The answer is no, but there are at most two isomorphism types of minimal nonabelian groups of a given order that is divisible by $2$ distinct primes. (There are other examples that are $p$-groups such as $D_8$ and $Q_8$, but we are not talking about those here.)

Suppose $G$ is minimal nonabelian with $|G|=p^mq^n$, where $G$ has a cyclic Sylow $p$-subgroup $P$ and a normal Sylow $q$-subgroup $Q$. Then from the result that you quote, $Q$ is elementary abelian, and $P = \langle g \rangle$ is cyclic, with $g^p$ centralizing $Q$. Also $g$ acts irreducibly on $Q$, and so $p|(q^n-1)$ but $p$ does not divide $q^k-1$ for any $k<n$. So the Sylow $p$-subgroups of ${\rm GL}(n,q)$ are cyclic, and any two subgroups of ${\rm GL}(n,q)$ of order $p$ are conjugate. This implies that the isomorphism type of the semidirect product $Q \rtimes P$ is uniquely determined.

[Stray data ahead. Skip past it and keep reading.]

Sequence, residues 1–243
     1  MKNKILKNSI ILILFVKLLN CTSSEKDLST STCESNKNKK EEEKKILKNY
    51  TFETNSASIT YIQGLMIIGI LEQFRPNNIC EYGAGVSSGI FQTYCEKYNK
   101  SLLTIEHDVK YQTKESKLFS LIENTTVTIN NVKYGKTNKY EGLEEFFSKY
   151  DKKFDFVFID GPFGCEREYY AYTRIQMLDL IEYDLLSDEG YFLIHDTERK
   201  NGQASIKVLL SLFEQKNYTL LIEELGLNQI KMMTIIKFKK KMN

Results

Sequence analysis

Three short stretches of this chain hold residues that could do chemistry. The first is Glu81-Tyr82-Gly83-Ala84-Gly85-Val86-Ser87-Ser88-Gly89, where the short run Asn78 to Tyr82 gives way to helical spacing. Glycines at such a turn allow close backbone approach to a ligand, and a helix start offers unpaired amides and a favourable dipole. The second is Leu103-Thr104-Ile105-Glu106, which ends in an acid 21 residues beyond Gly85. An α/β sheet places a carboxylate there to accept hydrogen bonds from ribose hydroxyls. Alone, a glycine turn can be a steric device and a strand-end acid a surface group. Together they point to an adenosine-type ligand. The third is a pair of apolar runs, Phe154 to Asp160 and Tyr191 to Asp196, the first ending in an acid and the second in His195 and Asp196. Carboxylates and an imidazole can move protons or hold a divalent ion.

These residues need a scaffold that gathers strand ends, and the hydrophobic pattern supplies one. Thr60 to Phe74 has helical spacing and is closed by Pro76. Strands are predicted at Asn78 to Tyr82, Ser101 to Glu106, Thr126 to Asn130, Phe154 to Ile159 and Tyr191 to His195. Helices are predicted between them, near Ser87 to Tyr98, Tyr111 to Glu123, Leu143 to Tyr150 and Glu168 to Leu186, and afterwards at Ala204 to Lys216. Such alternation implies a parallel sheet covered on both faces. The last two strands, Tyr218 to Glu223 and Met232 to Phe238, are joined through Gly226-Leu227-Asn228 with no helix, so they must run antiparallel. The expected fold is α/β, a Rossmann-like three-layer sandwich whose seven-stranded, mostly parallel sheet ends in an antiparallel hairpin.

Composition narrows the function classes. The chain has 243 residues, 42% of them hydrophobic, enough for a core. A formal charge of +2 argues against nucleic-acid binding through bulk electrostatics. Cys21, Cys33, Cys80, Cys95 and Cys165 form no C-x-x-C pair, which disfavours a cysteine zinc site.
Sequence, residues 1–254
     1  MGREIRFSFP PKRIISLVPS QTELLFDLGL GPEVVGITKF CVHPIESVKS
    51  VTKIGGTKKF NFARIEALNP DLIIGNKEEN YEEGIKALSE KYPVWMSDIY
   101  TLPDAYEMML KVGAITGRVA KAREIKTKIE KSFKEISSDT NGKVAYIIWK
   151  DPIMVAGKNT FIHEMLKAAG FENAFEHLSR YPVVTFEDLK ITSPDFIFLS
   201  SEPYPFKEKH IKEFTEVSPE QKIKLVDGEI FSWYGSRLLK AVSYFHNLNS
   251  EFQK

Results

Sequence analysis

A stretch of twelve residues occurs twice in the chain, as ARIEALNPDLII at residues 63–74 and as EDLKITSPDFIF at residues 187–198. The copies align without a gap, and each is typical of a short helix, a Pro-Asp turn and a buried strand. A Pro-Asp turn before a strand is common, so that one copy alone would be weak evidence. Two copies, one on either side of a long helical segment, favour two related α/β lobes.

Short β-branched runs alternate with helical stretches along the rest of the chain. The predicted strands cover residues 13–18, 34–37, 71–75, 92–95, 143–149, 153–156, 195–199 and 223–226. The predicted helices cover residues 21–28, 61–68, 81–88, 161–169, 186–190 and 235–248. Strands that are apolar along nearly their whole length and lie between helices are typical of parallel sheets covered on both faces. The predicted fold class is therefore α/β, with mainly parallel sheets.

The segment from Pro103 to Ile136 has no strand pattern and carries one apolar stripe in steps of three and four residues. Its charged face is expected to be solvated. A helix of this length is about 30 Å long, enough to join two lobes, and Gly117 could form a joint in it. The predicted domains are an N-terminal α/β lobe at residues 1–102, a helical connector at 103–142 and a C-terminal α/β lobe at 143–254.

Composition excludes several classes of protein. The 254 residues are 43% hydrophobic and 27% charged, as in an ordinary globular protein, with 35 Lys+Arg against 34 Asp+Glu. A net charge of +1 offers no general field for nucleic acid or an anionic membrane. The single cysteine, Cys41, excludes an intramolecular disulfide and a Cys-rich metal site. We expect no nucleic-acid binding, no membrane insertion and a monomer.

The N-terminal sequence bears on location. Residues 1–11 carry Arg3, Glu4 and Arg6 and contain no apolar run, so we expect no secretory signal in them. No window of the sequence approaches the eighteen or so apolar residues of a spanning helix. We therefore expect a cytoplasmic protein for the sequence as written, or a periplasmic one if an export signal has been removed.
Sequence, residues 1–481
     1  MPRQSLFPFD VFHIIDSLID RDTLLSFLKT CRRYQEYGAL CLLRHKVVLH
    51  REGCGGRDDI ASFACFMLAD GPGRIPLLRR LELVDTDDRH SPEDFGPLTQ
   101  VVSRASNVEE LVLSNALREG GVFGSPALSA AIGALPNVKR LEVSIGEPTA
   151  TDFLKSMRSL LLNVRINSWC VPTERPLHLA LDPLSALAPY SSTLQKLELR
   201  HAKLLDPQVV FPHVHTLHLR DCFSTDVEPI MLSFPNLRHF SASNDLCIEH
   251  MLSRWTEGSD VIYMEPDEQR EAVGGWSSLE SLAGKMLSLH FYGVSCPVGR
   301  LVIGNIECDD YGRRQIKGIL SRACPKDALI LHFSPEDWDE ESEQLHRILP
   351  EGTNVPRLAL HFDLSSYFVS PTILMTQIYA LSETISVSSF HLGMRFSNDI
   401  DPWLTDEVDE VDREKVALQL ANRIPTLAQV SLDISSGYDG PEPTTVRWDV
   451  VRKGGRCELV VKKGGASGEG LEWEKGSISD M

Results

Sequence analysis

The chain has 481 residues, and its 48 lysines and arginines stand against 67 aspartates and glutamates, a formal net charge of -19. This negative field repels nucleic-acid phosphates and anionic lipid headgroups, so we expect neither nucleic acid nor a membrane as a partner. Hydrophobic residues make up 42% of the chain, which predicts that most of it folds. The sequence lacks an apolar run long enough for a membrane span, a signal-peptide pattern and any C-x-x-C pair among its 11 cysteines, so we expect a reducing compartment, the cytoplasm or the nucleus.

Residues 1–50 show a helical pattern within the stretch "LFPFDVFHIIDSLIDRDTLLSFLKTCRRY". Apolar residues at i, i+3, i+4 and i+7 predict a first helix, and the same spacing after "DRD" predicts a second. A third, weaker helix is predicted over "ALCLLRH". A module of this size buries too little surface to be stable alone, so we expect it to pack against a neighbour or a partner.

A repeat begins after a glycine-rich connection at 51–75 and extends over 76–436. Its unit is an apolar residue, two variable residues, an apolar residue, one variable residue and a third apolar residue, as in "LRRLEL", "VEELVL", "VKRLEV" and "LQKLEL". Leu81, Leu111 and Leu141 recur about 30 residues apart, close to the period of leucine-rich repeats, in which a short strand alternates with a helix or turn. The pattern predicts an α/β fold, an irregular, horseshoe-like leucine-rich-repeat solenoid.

However, for some such orders we could reverse the roles of $p$ and $q$, giving two minimal nonabelian groups of that order. This happens for example with $|G| = 2^23$ or $|G|=3^45^2$.